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Nice and open

The UK's National Institute for Clinical Excellence has opted to remove confidentiality from its appraisal process as a means of pre-empting information leaks.

David Nicholson(dn@davidnicholson.com)

LONDON The UK's National Institute for Clinical Excellence has opted to remove confidentiality from its technology appraisal process as a means of pre-empting information leaks. The decision was made at a public meeting of the NICE board on 15 November 2000.

NICE was set up in 1999 to examine drugs and advise the UK National Health Service (NHS) on the use of different products. In the past year there has been much controversy over NICE's verdicts, aided and abetted by information on preliminary proposals being leaked to the public.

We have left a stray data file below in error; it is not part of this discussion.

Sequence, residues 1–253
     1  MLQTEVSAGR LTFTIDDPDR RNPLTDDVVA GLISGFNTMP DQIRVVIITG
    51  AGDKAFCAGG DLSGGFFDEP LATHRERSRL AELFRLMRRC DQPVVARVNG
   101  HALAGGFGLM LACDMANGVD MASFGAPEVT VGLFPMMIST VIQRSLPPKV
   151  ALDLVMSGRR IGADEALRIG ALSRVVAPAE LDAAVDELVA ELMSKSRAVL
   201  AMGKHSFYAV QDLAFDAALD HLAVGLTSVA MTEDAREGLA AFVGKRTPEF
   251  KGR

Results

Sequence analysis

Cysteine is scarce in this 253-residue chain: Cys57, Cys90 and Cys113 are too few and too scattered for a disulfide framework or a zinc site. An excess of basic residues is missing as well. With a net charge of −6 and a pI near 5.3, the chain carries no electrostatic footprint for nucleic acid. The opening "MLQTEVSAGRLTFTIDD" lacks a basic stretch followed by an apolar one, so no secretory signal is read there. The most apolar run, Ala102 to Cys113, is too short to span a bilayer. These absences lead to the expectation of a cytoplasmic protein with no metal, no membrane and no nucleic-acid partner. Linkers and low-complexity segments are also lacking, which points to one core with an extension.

Until now, NICE's policy has been to maintain confidentiality of information during its four-week consultation process. The only people supposed to have access to 'provisional determinations' are the national organisations who contributed to the appraisal and members of the institute. But in some cases there have been more than 50 consultees and NICE has been unable to prevent leaks of information....

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